Part Four: Hudor / Water




This is the punishment, then. This – my disgrace. Too many lives in the balance, and traded off against one act I foolishly considered to be worth the gamble! Those lives sink lower and lower with an awful heaviness, and my act becomes lighter and lighter, until it evaporates as the folly it indeed was. Yes – finally I see it. 

It was not until meeting with Zeus, face to face, at exactly the moment the box was opened that I did indeed see. His face was lined, pale, and drawn. It spoke a particular frailty: the icy blueness of veins threaded beneath wafer-thin, translucent skin. He looked at me then, tired, and resigned. His hand trembled slightly as he gripped mine and bade me sit with him in silence. We sat there side by side, us two, and in truth, I did not know what to expect – whether in his might and power he would banish me from Olympus, or inflict some graver punishment on me. Or indeed if he had absolved me from blame – as I still felt at that time he ought. For I still considered my theft and gift to be for the greater good, a minor transgression for the benefit of those in need. And myself the generous and martyr-like hero, risking the wrath of Zeus for the opportunity to be of assistance to those of lesser fortune!

But as we waited, seated side by side upon ancient stone slabs set atop the heights of Pantheon, this self-righteous, defensive train of thought began to evaporate, as if some collection of creatures were tugging little by little at its façade, weakening it until it finally began to crumble, right at the moment the greatest event since the beginning of time occurred. 

Pandora opened the box.

That was when all things snapped into place with a severe certainty. Blurred lines shifted sharply and jarringly into focus, the sounds about us grew crisper and harsher and more and more distinctively refined until they became a collective piercing shriek that was unbearable. I had my hands over my ears and was doubled over, retching from the intensity of it and wondering in feverish confusion if my insides were going to explode. Sharp pain was slicing from my ears through my head and down into my chest like a double-edged sword severing everything in its path, and as I gasped for breath tiny pinpricks of blood began to seep through the pores in my skin, and I finally understood.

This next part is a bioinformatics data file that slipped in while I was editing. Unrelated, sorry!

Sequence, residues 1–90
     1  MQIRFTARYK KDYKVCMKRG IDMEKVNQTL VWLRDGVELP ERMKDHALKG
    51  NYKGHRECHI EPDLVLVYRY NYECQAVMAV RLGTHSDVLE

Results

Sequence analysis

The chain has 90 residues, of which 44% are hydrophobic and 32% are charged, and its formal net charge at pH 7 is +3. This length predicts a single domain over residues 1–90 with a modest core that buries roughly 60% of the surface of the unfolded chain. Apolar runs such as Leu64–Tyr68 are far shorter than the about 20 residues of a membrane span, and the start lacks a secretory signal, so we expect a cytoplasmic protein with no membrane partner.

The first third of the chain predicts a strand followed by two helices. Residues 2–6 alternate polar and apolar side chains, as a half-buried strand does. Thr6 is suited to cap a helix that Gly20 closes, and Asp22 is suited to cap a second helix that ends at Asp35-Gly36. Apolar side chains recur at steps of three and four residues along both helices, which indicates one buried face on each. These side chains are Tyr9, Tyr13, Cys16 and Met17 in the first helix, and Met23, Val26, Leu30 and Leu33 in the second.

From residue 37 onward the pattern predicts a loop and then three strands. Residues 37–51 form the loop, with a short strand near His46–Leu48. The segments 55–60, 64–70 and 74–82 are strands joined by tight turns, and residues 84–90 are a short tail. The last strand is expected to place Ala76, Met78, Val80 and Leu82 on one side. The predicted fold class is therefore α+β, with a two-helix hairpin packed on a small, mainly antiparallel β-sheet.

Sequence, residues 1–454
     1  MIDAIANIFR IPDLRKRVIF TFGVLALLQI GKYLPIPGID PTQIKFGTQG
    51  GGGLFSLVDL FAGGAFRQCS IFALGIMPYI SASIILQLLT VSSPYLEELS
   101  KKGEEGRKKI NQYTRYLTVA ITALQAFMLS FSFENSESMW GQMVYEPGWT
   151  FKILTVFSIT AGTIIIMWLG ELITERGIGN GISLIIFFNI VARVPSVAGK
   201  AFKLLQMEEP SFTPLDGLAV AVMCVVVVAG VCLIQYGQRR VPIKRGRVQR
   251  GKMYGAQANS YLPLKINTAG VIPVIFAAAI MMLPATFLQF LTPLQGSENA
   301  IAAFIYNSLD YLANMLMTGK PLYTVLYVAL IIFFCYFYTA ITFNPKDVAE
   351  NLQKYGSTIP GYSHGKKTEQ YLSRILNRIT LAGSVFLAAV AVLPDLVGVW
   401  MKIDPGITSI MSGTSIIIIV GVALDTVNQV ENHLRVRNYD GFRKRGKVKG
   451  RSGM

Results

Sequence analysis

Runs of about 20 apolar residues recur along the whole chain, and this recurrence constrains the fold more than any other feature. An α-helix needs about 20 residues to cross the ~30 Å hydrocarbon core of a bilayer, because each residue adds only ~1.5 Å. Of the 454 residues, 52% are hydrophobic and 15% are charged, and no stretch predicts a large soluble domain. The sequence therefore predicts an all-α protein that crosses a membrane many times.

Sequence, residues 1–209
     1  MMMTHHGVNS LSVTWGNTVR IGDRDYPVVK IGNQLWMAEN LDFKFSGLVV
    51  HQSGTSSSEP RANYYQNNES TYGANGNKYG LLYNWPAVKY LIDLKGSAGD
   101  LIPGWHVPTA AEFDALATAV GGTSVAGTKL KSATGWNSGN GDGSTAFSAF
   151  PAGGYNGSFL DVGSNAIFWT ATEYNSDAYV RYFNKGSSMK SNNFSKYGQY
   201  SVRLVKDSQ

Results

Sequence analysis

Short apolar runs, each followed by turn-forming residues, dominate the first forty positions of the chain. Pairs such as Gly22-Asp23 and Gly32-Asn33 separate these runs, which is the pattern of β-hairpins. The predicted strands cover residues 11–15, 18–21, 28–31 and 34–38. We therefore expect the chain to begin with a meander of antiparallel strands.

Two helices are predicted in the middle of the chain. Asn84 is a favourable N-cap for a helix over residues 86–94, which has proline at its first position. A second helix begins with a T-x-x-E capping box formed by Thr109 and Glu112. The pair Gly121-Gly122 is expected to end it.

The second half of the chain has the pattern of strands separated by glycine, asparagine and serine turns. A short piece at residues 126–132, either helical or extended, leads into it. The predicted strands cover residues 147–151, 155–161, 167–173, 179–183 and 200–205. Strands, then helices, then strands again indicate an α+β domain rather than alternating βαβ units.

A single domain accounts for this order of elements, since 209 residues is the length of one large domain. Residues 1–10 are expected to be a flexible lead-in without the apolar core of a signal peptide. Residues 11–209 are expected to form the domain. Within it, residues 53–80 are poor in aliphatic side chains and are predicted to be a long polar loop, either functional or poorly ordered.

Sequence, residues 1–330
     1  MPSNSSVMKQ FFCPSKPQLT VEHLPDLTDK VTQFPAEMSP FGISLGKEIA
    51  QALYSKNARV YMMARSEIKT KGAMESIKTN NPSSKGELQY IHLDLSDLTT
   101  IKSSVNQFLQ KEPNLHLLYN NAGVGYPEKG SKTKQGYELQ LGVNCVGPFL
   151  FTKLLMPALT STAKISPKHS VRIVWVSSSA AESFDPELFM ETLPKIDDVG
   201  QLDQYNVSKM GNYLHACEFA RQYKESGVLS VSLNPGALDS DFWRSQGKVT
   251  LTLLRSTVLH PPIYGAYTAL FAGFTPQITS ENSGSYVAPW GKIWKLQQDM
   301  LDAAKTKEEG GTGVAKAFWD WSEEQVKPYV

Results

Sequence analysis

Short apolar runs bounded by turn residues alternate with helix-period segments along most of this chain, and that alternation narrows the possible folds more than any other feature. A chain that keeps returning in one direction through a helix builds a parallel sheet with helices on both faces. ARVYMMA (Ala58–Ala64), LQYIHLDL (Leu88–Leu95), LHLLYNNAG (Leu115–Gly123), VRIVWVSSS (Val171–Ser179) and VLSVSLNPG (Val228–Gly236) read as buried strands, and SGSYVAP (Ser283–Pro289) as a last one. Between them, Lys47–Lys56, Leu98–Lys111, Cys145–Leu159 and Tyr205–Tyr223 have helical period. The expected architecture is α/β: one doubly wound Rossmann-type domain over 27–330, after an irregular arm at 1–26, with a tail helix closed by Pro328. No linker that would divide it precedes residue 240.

I had carried a lantern across a path that was supposed to have gone unlit, its way intended to be hidden and obscured, because what lay down it was far too terrible to be known. It was a pathway with an entrance entwined with sweetly scented roses, and it teased with the headiness of summer in full ripeness, the echo of laughter repeating at every bend and turn, just out of reach and just out of sight. It was lined with lush, softly pliant blades of grass pleasant for the feet to tread, and the sweet perfume of multitudes of entrancing blooms wafted up intoxicatingly, twining their hazy vapours around the bodies of those it came across like the most sensuous of embraces. Who could resist?

But summer has an opposite number, and that is winter. 

Seductive and hypnotic sweetness very soon changes to the bitterness of gall once you find yourself on the inside of the cell it has enticed you into. You then find yourself a secure prisoner, trapped with no possible means of escape, seeing the last milder blue-skied trace of the world you left behind slowly disappear as the door to your cell swings closed with a firm finality and a final clang that rings out like a solemn herald’s trumpeting, announcing the arrival of the darkness of despair – of Moros.

Pandora’s box – opened to let all hell loose on earth. It would never be the same again. 

Still, I wonder – why did Zeus allow it, and why was this his solution?

Moros stood in glee, overlooking the scene of the fallout: the ultimate demise and ruin of the world as it had been. 

Here was truth indeed, the true nature and meaning of all things exposed in wreck and abandonment. 

Chaos, the true master of all. 

Here was proof that no heart was constant, none able to withstand the suffocation of the cloak of darkness, and none ultimately able to resist temptation.

Pandora betrayed Epimetheus by leaving him, and she opened the box against express instructions not to.

Elpis could not hold out against the darkness, despite Zeus’ promise that the answer would appear at exactly the darkest moment.